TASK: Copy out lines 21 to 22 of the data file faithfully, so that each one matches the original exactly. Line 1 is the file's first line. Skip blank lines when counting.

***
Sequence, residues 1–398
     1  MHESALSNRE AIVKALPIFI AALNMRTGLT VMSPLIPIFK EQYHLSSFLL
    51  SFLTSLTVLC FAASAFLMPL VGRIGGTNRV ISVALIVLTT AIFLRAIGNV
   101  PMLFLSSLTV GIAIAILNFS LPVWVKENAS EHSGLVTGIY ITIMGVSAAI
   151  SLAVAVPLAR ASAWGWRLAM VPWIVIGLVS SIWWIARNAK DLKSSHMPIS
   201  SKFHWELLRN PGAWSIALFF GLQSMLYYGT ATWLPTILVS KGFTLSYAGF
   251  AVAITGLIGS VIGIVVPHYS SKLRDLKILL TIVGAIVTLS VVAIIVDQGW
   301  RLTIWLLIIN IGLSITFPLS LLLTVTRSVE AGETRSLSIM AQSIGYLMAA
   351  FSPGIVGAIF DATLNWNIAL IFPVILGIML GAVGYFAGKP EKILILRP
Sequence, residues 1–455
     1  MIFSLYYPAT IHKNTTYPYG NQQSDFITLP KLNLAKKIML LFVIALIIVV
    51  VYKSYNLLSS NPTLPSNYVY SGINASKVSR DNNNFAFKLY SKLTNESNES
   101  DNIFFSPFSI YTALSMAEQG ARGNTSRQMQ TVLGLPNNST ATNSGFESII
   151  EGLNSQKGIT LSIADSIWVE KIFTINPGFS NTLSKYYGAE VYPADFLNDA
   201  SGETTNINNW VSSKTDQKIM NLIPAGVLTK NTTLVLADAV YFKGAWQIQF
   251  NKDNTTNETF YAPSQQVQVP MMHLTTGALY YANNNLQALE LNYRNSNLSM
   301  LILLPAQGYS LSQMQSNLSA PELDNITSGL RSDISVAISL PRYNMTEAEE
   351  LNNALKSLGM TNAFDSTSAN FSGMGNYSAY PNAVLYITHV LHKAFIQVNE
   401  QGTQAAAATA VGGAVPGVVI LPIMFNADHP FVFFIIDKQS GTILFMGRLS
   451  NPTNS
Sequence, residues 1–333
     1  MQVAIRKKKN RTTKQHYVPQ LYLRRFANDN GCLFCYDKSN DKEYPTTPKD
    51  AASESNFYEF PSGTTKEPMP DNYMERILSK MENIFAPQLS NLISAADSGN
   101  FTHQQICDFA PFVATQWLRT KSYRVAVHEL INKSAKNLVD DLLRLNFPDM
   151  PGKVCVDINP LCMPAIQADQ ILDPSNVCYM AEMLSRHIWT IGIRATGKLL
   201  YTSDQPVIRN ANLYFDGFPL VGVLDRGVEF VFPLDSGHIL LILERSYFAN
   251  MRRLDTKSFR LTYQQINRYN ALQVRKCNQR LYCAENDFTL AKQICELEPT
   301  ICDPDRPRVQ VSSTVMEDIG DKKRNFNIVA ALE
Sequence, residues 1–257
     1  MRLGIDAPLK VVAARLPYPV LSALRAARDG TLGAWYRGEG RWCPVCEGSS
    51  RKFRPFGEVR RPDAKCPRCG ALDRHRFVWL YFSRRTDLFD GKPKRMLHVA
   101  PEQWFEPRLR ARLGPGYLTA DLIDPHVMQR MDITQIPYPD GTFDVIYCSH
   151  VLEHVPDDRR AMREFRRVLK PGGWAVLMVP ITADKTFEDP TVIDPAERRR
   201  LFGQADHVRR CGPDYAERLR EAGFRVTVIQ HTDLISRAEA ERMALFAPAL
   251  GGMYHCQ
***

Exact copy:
Sequence, residues 1–333
     1  MQVAIRKKKN RTTKQHYVPQ LYLRRFANDN GCLFCYDKSN DKEYPTTPKD